If you are about to enter an MBA or a business graduate degree, it is very possible that you are looking for exercises and preparation guides for the admission exam. This, in many cases, will be the GMAT, although on certain occasions they could accept the GRE. Although each one has its peculiarities, both are competitive and equally valid when accepted. But, if you have already made the decision to take the GMAT, it is important that you know and become familiar with it. In order to know if the exercises with which you are practicing will help you prepare, or if you will just begin your search, keep in mind first that there are different sections, with their obstacles and defined characteristics, that you have to master. If this is your goal, we invite you to read this blog post that will help you determine which exercises you can prepare yourself with and which you shouldn’t spend your time on.
The test measures your skills in critical reasoning and quantitative reasoning through four sections: Quantitative Reasoning, Verbal Reasoning, Analytical Writing (AWA) & Integrated Reasoning (IR), the first two will feature exercise based on basic concepts that you learned in Your upper secondary education, many problems will remind you of topics you learned in high school or high school.
Returning to these concepts and practicing with exercises that reinforce your mastery is the first step to be able to advance strategically and, later, to solve more complex problems.
In the same way, check that your level of English is adequate: the GMAT is in English, so being proficient in the language will serve you both in the verbal and AWA section, as well as in IR and quant. Remember! Half of quant’s problems are Word Problems, and in Integrated Reasoning the exercises will be loaded with information. If you don’t feel ready in the language, prepare yourself in it first to continue.
It is important to be able to master the theory and use it when solving problems. However, remember that the test measures both your ability to arrive at the correct answer, and to do it in the shortest possible time: the combination of effectiveness and efficiency. Once you are sure of your level of English and that you manage the concepts evaluated in the exam, be sure to review with challenging exercises that are varied in terms of difficulty, topic and format. It is not enough to repeat an exercise several times, but rather that the concept used in the problem has different approaches so that you can understand how to use it in different types of questions.
You should also practice with exercises in English, as this will be the only way to familiarize yourself with the format of the exercises.
Look at the following problem (obtained from the book “Baldor’s Algebra”):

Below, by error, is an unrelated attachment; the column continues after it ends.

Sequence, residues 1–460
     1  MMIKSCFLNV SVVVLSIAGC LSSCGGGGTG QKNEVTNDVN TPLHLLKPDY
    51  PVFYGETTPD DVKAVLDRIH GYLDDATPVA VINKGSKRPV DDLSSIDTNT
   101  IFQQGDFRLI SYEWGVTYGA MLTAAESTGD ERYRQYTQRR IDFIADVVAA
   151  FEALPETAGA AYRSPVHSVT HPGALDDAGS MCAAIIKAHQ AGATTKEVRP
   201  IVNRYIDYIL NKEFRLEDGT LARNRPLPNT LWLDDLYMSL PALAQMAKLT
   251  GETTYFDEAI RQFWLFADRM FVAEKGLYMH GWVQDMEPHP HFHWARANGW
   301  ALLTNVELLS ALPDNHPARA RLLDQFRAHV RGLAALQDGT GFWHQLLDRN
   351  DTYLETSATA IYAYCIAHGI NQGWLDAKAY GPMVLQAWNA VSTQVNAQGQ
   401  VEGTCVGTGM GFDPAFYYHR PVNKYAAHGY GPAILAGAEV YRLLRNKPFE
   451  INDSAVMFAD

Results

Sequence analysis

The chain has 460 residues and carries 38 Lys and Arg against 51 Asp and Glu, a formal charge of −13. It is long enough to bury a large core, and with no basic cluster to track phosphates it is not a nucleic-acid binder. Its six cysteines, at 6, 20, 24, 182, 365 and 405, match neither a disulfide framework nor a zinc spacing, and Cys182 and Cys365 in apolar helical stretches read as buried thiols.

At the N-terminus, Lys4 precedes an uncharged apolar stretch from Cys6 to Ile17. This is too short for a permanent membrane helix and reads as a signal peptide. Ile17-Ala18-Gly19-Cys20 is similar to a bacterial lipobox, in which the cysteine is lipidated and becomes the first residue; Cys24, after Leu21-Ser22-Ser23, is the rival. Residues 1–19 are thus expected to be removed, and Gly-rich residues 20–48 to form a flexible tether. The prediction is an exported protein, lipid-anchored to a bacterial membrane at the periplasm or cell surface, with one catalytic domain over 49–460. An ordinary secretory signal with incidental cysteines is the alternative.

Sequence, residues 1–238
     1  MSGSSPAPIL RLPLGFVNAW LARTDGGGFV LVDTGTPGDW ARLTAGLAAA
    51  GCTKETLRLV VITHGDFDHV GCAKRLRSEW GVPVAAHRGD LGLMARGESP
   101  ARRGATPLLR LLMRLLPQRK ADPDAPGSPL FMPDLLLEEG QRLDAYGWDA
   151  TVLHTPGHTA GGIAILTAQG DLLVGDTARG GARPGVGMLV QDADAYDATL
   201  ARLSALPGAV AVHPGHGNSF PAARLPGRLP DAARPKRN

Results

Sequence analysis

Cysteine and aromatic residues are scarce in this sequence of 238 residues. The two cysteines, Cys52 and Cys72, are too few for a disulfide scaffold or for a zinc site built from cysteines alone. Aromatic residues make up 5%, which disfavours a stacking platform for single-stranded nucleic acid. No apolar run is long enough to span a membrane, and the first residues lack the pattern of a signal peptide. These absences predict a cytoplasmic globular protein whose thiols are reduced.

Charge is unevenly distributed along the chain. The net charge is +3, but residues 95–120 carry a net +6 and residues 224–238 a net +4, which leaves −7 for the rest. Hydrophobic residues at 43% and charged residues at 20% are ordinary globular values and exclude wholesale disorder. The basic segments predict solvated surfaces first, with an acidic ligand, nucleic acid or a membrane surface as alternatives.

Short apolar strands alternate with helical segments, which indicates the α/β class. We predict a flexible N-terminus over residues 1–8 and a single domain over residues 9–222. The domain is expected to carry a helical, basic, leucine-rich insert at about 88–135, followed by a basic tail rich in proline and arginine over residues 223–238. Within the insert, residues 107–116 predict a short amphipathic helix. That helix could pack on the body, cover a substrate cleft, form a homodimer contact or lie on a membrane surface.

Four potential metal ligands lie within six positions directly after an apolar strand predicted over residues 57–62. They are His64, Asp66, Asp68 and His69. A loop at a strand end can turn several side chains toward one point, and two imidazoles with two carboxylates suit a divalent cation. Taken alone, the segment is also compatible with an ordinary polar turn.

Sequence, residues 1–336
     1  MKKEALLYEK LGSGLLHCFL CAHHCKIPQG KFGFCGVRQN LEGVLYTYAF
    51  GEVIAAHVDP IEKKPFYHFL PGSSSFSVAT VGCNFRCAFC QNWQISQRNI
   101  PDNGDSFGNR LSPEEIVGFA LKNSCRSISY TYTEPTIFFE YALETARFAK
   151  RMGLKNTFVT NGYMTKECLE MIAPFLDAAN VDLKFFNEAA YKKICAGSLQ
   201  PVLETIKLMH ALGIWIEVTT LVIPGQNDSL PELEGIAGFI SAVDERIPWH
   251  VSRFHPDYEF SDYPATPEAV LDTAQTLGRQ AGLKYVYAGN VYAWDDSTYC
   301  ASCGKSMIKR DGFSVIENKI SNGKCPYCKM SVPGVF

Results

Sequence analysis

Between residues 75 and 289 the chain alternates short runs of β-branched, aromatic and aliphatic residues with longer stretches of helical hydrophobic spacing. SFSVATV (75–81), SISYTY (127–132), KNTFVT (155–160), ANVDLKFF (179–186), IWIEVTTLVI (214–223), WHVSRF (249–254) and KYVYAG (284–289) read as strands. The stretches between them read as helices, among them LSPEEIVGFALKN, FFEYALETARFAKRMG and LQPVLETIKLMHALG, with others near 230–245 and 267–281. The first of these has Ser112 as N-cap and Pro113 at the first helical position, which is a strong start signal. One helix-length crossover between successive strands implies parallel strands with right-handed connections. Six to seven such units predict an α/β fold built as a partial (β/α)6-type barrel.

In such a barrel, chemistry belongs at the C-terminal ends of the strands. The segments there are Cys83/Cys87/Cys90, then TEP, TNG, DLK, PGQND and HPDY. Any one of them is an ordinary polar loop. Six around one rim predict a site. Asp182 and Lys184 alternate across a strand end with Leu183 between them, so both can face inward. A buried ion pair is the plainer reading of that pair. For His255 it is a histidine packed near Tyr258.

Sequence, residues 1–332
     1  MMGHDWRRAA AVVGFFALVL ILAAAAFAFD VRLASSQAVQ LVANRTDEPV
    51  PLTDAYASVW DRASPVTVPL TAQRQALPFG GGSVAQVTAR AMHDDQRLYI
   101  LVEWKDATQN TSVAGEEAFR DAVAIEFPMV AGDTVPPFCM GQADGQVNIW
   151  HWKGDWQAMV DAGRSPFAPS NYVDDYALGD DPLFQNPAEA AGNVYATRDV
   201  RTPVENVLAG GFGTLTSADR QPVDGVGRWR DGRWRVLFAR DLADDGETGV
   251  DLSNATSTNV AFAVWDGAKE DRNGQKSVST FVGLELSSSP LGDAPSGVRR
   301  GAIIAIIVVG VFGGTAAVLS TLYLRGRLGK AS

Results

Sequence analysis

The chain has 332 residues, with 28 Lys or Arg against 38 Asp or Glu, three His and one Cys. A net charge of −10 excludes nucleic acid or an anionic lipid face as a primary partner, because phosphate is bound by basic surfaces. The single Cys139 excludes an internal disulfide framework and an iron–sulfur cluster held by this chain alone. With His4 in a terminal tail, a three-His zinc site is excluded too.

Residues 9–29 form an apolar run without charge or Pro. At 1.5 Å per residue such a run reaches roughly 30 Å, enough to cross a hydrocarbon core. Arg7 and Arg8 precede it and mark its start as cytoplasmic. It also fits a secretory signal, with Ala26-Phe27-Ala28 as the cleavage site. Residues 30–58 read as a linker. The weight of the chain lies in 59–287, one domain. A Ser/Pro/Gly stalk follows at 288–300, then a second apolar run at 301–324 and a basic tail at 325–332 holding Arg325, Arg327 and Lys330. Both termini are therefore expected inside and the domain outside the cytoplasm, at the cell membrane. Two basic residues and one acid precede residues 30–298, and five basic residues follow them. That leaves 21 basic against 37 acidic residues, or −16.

The sum of the ages of A and B is 84 years, and B is 8 years younger than A. Find both ages.
As you can see, in the first place, the exercise is in Spanish: the learning that it will provide will only be the use of algebra, but it will not make it easier for you to acquire the ability to read English and translate the same text into algebra. Additionally, the exercise has no options, as will be the case in all GMAT exercises: there are strategies that involve taking advantage of the options that appear as a weapon in your favor. Studying with these types of exercises alone will be a time consuming, if not impossible, way to achieve competitive scores.
When you are practicing exercises that come in a book, look for explanations that allow you to develop useful skills and strategies to reach the level of efficiency necessary to solve the 30 problems in 60 minutes. Theory, while important, can be distracting if not handled with ingenuity and creativity. Using certain tools may allow you to solve problems much faster, such as visualization, using options, making valuable annotations, among others. Look at the following problem (taken from “Beginning and Intermediate Algebra” by Tyler Wallace, 2010):
Adam is 20 years younger than Brian. In two years Brian will be twice as old as Adam. How old are they now?
We use “Adam” and “Brian” for the persons. We use + 2to denote the change, because the second phrase is two years in the future
|Adam||x – 20|
Consider the “Now” part, Adam is 20 years younger than Brian. We are given information about Adam, not Brian. So Brian is x years now. To show Adam is 20 years younger we substract 20, Adam is x – 20.
[The problem considers 6 other intermediate steps]
|Adam||38 – 20 = 18|
The first column will help us answer the question. Replace the x’s with 38 and simplify. Adam is 18 and Brian is 38.
This problem is already in English, so it is close to the type of problems that you will find in the GMAT. However, notice how long the explanation is (we cut it 6 steps) to come up with a simple solution that could have been found with more efficient methods. In addition, it is again the case that you have no options. These types of problems can harm you, since it will be an inconvenience in itself to understand the explanation and could cause stress. In this way, it could be difficult to reach competitive scores.